ECOWAS IN SEARCH OF BETTER REGIONAL INTEGRATION
LEKAN ADETAYO writes that after 36 years of the creation of the Economic Community of West African States, its leaders are still worried over the lack of full integration in the sub-region
At the behest of Ghana's Ministry of Trade and Industries and in conjunction with the country's Investment Promotion Centre, an onslaught was launched on small-scale businesses owned by Nigerians in that country last years, on the grounds that they were not duly registered as required by law. The Ghanaian authorities' position was that as foreigners, Nigerians should register their businesses with a minimum of $300,000 (N45m). Many observers saw this as a stark negation of what the Economic Community of West African States stood for, especially with its protocol on free trade and movement of people.
Grey issues such as the lot of Nigerians in Ghana have continued to challenge the relevance of ECOWAS after 36 years of existence. Besides creating 'collective self-sufficiency' for its member-states through a single large trading bloc, it also serves as a peacekeeping force, which came handy during the recent post-election impasse in Ivory Coast.
One of the instruments used by ECOWAS to achieve its aims and objectives is its Community Parliament, which was established by Articles 6 and 13 of the 1993 ECOWAS Revised Treaty. The protocol, which was signed in Abuja on August 6, 1994, came into force on March 14, 2002.
The parliament, which is an assembly of the people of the community, is composed of 115 seats. Each member state has a guaranteed minimum of five seats. The remaining 40 seats are shared on the basis of population of each country. Consequently, Nigeria has 35 seats, Ghana has eight, Ivory Coast has seven while Burkina Faso, Guinea, Mali, Niger and Senegal have six seats each. Benin Republic, Cape Verde, Gambia, Guinea Bissau, Liberia, Sierra Leone and Togo have five seats each in the parliament.
However, on August 11, 2011, the ECOWAS third parliament was inaugurated in Abuja with great expectations. The tone of discussion at the International Conference Centre venue of the inauguration was set with the welcome remarks of the President, ECOWAS Commission, Mr. James Gbeho, in which he did not mince words in keeping the parliamentarians abreast of their responsibilities.
He told them that as the key advisory body on legislation within the community, they would be saddled with the responsibility of advising the community on the formulation, review and interpretation of key ECOWAS instruments, especially those dealing with the principles of democracy and good governance, peace and security, and the region's trade and other relations with partners.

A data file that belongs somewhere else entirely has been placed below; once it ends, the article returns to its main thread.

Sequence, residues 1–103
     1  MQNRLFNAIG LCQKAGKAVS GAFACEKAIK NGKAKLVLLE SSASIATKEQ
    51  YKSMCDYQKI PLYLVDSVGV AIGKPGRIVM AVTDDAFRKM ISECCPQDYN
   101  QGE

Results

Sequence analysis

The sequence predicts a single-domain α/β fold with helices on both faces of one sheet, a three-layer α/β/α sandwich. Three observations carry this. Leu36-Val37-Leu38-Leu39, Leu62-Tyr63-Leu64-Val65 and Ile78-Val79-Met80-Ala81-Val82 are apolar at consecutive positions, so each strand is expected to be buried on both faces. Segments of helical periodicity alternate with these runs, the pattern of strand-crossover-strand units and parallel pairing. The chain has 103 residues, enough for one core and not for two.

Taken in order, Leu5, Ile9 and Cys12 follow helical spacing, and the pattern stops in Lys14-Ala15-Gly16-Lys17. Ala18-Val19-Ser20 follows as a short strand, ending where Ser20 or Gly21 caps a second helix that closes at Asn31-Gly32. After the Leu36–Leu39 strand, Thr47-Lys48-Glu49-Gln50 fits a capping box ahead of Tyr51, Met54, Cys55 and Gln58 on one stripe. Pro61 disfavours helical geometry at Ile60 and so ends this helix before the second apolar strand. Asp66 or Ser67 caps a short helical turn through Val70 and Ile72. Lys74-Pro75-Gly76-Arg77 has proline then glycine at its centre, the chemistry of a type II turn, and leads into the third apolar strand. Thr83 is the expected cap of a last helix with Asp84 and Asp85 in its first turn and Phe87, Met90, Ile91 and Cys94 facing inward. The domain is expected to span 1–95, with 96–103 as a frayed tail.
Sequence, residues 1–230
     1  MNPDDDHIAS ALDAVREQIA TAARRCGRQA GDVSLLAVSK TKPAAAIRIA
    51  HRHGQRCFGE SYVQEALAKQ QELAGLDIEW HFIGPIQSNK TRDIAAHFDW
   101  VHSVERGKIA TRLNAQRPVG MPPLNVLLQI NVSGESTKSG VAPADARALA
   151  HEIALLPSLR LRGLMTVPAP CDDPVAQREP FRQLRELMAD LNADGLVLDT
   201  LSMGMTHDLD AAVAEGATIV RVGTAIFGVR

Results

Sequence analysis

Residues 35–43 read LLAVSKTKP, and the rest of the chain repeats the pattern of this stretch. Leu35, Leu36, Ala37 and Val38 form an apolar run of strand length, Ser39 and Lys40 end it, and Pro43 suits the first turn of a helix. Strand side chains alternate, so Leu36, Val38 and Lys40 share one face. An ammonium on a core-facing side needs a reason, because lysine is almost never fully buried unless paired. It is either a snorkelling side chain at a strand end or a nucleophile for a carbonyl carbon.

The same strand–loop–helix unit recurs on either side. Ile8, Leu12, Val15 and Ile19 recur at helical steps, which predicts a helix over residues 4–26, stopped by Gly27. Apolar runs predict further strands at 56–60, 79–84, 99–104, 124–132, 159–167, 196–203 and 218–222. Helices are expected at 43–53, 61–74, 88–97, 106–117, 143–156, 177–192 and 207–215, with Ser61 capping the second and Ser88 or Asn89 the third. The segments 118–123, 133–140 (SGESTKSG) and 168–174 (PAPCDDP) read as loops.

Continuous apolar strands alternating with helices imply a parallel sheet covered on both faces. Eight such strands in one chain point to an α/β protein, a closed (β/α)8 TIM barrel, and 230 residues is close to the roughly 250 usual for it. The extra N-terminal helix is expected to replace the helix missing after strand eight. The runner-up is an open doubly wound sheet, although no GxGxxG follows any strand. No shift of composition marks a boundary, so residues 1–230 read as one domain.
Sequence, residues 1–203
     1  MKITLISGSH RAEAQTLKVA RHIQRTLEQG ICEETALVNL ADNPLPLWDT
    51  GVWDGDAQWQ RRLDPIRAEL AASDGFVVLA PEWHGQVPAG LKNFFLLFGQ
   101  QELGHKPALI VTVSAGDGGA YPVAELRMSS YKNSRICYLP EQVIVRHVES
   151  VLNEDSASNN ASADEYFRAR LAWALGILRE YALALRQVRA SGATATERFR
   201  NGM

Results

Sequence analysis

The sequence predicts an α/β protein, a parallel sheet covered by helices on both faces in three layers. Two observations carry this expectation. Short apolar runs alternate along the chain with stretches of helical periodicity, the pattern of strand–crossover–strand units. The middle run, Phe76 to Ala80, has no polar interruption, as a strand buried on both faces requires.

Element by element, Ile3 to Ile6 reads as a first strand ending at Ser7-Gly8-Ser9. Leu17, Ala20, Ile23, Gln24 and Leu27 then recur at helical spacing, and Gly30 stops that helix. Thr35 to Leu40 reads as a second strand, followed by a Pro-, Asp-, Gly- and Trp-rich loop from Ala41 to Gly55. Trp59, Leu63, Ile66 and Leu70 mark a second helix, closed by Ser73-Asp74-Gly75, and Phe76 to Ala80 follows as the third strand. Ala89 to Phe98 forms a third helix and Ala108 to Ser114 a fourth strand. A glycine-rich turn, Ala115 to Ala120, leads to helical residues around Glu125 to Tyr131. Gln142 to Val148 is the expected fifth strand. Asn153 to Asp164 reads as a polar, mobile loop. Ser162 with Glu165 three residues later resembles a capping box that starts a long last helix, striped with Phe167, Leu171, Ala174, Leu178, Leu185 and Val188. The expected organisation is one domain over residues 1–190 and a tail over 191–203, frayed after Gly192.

He said, 'More importantly, you will ensure that decisions taken at the community level are domesticated in national legislation and find traction and application in member-states. You will also need to take urgent measures to facilitate the fast-tracking of the outstanding decision to elect future members of the community parliament through direct universal suffrage in member-states. Your success in fulfilling these complex but uplifting duties will be made a lot easier if you cultivate the spirit of cooperation not only within the parliament, but also with all other stakeholders in the integration process. Towards this end, I would like to encourage you to work closely with the ECOWAS Commission and the other institutions of the community.'
No sooner had Gbeho left the stage than the President of the Nigerian Senate, Mr. David Mark, mounted the rostrum to deliver his address. Mark, a former member of the parliament said it (the parliament) was conceived as a forum for dialogue, consultation and consensus for West African parliamentarians with the aim of promoting cooperation and integration in the sub-region. He noted that the parliament remained one of the most impressive initiatives undertaken by the ECOWAS heads of state in their determination not only to promote stability and development in the sub-region, but also to institutionalise the culture of democracy among the people. Mark promised that Nigeria would continue to partner with the parliament towards growing democracy and entrenching good governance in the sub-region.